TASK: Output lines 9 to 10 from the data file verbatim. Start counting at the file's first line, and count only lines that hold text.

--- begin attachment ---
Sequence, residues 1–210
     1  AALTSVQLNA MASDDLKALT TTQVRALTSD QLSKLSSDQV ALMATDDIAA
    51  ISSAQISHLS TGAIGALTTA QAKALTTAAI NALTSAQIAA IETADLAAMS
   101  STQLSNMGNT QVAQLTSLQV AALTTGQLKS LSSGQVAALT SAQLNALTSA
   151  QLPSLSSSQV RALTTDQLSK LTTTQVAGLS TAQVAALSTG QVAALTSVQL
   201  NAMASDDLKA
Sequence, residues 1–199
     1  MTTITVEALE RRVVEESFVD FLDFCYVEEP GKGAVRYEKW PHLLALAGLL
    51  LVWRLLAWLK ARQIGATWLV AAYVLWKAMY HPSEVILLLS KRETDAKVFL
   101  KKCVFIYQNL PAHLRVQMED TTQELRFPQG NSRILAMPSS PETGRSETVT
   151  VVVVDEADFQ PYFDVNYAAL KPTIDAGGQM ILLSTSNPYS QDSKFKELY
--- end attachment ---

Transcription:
    51  LVWRLLAWLK ARQIGATWLV AAYVLWKAMY HPSEVILLLS KRETDAKVFL
   101  KKCVFIYQNL PAHLRVQMED TTQELRFPQG NSRILAMPSS PETGRSETVT